In vitro fertilization (IVF) is an assisted reproductive method which helps in fertilization, embryo development, and implantation, so that a woman can get pregnant.
How does IVF Work
The first step in IVF is taking fertility medications for several months to help your ovaries produce several eggs that are mature and ready for fertilization. This is called ovulation induction. You may get regular ultrasounds or blood tests to measure your hormone levels and keep track of your egg production.
Once your ovaries have produced enough mature eggs, your doctor removes the eggs from your body (this is called egg retrieval). Egg retrieval is a minor surgical procedure that’s done at your doctor’s office or at a fertility clinic.
You’ll get medicine to help you be relaxed and comfortable during the procedure. Using an ultrasound to see inside your body, the doctor puts a thin, hollow tube through your vagina and into the ovary and follicles that hold your eggs. The needle is connected to a suction device that gently pulls the eggs out of each follicle.
In a lab, your eggs are mixed with sperm cells from your partner or a donor — this is called insemination. The eggs and sperm are stored together in a special container, and fertilization happens. For sperm that have lower motility (don’t swim as well), they may be injected directly into the eggs to promote fertilization. As the cells in the fertilized eggs divide and become embryos, people who work at the lab monitor the progress.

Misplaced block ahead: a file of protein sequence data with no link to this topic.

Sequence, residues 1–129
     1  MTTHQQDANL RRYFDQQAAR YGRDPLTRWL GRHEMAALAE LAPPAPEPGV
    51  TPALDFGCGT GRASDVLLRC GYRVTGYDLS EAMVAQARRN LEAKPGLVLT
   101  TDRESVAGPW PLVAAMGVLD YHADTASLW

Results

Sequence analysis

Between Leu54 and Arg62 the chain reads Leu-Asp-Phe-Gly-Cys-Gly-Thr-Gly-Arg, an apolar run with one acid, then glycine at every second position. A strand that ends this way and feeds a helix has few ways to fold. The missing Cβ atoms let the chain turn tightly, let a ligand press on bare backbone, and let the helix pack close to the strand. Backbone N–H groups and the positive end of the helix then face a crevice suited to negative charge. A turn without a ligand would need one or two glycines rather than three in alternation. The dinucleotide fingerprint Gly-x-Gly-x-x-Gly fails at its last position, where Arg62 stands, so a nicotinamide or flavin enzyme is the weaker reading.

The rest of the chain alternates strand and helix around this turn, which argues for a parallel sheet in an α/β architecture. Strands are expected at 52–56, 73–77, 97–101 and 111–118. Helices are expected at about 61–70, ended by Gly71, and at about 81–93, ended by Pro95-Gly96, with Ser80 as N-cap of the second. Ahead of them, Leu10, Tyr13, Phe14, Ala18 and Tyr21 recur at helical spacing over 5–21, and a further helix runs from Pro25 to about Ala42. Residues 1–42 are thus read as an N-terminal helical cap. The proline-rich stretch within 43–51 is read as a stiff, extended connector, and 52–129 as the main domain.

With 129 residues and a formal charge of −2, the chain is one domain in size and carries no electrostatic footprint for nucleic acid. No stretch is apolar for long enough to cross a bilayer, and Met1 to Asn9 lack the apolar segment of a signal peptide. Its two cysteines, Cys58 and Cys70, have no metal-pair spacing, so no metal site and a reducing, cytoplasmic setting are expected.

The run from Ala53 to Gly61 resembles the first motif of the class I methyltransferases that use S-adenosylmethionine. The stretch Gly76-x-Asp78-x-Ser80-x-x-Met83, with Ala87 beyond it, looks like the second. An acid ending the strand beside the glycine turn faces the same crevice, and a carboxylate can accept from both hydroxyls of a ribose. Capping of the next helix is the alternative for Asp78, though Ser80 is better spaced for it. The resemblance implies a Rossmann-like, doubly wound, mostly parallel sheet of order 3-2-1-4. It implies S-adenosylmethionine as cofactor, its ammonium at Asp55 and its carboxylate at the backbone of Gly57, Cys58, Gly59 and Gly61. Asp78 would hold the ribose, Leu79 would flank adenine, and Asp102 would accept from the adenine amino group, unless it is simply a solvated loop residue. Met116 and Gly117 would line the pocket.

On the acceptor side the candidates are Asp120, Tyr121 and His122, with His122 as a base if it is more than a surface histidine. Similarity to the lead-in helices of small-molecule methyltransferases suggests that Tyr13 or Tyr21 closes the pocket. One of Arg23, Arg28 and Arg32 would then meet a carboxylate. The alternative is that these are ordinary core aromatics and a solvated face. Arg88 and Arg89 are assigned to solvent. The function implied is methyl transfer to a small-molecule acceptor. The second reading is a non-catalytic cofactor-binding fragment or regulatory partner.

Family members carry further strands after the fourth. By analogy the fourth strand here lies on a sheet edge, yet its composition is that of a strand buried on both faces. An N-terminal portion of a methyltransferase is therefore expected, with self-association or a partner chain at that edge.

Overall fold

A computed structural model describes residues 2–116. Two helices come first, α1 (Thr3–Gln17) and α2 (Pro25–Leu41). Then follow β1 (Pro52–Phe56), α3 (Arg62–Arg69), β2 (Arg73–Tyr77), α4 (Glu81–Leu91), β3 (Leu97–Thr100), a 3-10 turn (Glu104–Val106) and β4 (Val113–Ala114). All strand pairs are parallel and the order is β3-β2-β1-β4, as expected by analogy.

About 3-5 days after the egg retrieval, 1 or more embryos are put into your uterus (this is called embryo transfer). The doctor slides a thin tube through your cervix into your uterus and inserts the embryo directly into your uterus through the tube.
Pregnancy happens if any of the embryos attach to the lining of your uterus. Embryo transfer is done at your doctor’s office or at a fertility clinic, and it’s usually not painful.
Plan on resting for the rest of the day after your embryo transfer. You can go back to your normal activities the next day. You may also take pills or get daily shots of a hormone called progesterone for the first 8-10 weeks after the embryo transfer. The hormones make it easier for the embryo to survive in your uterus.